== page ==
Landing Page vs Homepage: What’s the Difference and When to Use?


Landing pages are among the most important tools that marketers and advertisers use to provide online users with targeted and relevant experiences.

At Directive, landing pages are an important part of how we meet the objectives of our digital marketing campaigns. As part of our PPC strategy, we construct ad groups that correspond to defined customer personas. Then, we’ll design unique advertising creative and a unique landing page specific to the target audience for each ad group. This ensures that each of our identified customer personas is being targeted with relevant content after clicking on one of our ads.

We consider this a best practice, but not all advertisers are on the same page. We’ve seen countless examples of advertisers linking to their home page in situations where a customized landing page would have produced far better results. We’ve also encountered links to highly targeted landing pages in places where a link to a homepage would have been more subtle and more effective.

To help generate the best returns on their ad spending, advertisers need to be aware of the differences between a landing page vs homepage and when it’s appropriate to link to each one. We’ve created this guide to help you:

  • Understand the differences between a landing page vs homepage
  • Understand when to link to a landing page vs homepage in your ad campaigns

Land Page vs Homepage – What’s the Difference

Let’s start by clearly defining a homepage and a landing page in terms of their basic characteristics.

What is a Homepage?

Websites are designed in a hierarchy with the root domain at the top, sub-domains around the middle and other web pages towards the bottom. This hierarchy of content makes it easier for users to navigate to areas of the website that match their goals or interests.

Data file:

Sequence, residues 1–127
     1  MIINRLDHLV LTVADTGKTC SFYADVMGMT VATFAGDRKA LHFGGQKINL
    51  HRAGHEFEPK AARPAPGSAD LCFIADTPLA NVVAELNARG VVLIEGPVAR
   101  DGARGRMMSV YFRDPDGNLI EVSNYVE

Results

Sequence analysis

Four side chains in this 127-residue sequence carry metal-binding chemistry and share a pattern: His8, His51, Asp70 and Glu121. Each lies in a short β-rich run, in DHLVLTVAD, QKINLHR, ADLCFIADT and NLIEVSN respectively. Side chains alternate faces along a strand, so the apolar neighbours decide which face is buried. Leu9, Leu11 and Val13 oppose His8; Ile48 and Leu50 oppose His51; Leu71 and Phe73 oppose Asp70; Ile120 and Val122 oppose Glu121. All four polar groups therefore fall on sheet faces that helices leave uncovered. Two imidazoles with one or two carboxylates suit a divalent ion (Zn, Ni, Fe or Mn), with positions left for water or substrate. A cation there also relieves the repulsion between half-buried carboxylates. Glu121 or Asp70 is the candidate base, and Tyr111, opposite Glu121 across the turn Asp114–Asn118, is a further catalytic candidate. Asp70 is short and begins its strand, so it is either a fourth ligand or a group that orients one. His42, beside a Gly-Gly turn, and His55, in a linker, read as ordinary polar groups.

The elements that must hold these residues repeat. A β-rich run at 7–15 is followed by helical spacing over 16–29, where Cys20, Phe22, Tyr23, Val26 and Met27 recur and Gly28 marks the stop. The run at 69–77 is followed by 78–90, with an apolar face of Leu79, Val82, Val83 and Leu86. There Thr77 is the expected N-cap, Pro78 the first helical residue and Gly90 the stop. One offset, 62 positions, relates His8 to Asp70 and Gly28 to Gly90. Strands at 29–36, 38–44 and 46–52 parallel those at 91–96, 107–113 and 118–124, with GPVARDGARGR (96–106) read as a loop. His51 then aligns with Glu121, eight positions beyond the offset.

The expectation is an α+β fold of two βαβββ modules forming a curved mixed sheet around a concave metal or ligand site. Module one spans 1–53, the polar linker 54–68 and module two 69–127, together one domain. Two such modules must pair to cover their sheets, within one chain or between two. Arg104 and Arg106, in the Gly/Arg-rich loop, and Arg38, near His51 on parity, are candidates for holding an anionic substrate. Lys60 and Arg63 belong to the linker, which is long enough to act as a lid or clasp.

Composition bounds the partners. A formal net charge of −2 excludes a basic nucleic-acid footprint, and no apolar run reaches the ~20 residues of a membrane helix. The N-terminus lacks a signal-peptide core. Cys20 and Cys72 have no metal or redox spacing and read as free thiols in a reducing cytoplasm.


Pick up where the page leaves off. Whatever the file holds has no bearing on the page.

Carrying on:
• Root Domain: https://www.directiveconsulting.com
  • Sub-Domain: https://institute.directiveconsulting.com
  • Web Pages: https://directiveconsulting.com/resources/

A homepage is the page that occupies the root domain of your website. An effective homepage should act as a hub or directory, linking to other important areas of your website. Visitors to your home page may never have heard of your company before, so it is important that readers can use your homepage to quickly figure out who you are and what you do. An effective homepage also lets readers know how to connect with you, such as including phone numbers, social networks, call to actions to contact form or live chat widgets.

What is a Landing Page?

A landing page is a page whose specific purpose is to receive and convert traffic from an advertising campaign.

While each website has just one home page, advertisers can create an unlimited number of landing pages to support their advertising campaigns.

Landing pages got their name because a prospective customer would “land on” one of these pages when they clicked on an advertisement.

We will highlight more defining features of landing pages as we outline the differences between a landing page vs homepage.

Landing Page vs Homepage – Five Key Differences

Purpose/Objective

While the purpose of the website homepage is to help users navigate to the most important or useful areas of the website, landing pages focus on receiving and converting traffic for a specific marketing campaign.

Traffic Sources

Traffic to the home page of a website typically comes from many sources. In contrast, landing pages should primarily receive traffic from a single ad campaign.

Visitor Intent

To create the best experience for visitors to your website, it’s important to deliver content that matches closely with user intent. Understanding what your users want when they’re visiting your pages or interacting with your advertisements is crucial for optimizing the user experience and increasing conversion rate for your ad campaign.

Here’s what we mean in specifics:

Visitors arrive at your home page with a variety of intentions. They may just be checking you out, they could be doing a market research project, or they may be checking out your products and services to decide if they want to do business. To deal with this, we design home pages that serve visitors with a wide range of intentions.